Roy Gordon Grainger
|Roy Gordon (Don) Grainger|
19 February 1962 |
Thames, New Zealand
|Alma mater||University of Auckland|
|Known for||Aerosol and Cloud Remote Sensing|
|Fields||Remote Sensing, Atmospheric Physics|
|Institutions||University of Oxford, St Hugh's College|
Roy Gordon Grainger (born 19 February 1962) is a New Zealand physicist. He is head of the Earth Observation Data Group in the Atmospheric, Oceanic and Planetary Physics Sub-Department at the University of Oxford and a Tutorial Fellow in Physics at St Hugh's College, Oxford.
Grainger was educated at Auckland Grammar School before attending the University of Auckland to read physics. He gained a Doctorate in Atmospheric Physics on the subject of remote sensing of cloud properties. He worked for a short time in UV research at the New Zealand Meteorological Service before taking up a post-doctoral position in the Physics Department in Oxford, where his research was focused on measurement of stratospheric aerosols using the ISAMS satellite instrument designed at Oxford.
In 1998, he returned to New Zealand to accept a Lectureship at the University of Canterbury, where he conducted new instrumental work to measure aerosol properties.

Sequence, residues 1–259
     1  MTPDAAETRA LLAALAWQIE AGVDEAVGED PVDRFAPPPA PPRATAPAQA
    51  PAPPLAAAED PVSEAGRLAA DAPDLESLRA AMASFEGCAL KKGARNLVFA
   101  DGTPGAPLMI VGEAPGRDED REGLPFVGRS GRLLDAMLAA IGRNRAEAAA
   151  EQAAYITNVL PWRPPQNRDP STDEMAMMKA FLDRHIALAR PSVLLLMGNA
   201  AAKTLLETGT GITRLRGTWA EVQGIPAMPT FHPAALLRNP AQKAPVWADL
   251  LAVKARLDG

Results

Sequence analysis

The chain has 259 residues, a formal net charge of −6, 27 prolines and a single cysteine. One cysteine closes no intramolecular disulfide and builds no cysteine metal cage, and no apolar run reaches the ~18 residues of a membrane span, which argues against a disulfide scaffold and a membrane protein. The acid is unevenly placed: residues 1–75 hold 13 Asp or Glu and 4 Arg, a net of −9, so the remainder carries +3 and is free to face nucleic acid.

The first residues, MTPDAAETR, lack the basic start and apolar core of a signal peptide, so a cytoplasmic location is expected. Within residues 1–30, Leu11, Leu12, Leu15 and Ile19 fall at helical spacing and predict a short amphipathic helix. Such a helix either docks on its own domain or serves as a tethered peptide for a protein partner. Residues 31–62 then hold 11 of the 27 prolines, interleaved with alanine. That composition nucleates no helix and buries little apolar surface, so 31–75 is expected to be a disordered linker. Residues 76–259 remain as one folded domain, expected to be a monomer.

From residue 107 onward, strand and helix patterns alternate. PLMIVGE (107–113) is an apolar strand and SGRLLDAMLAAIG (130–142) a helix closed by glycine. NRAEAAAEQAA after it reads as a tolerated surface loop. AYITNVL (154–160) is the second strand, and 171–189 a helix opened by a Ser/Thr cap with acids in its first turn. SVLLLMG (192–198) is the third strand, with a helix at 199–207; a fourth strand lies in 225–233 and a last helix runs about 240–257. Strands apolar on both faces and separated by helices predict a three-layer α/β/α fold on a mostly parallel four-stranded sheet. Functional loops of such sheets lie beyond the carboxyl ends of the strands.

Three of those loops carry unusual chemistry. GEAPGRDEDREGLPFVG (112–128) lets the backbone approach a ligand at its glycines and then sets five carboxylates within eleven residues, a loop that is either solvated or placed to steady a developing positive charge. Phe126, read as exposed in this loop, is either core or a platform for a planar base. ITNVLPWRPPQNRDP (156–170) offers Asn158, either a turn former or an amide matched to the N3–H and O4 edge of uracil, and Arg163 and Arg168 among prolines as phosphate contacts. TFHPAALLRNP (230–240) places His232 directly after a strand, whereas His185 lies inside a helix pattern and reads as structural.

Grainger is the Principal Investigator of the Optimal Retrieval of Aerosol and Cloud (ORAC) project, which is a community code to optimally estimate aerosol and cloud properties from satellite imagery, and was principally responsible for starting this project.
The Earth Observation Data Group which he heads is primarily interested in atmospheric trace gases and clouds (especially with regard to processes which control climate), and conducts satellite studies of atmospheric aerosols.
-  Homepage at St Hugh's College, University of Oxford
-  Homepage at the Atmospheric Physics Department, Oxford
-  Earth Observation Data Group website
- Roy Grainger's profile at St Hugh's
- http://www.st-hughs.ox.ac.uk/people/professor-don-grainger/ Roy Grainger's profile at St Hugh's
- http://proj.badc.rl.ac.uk/orac/wiki/WikiStart ORAC Website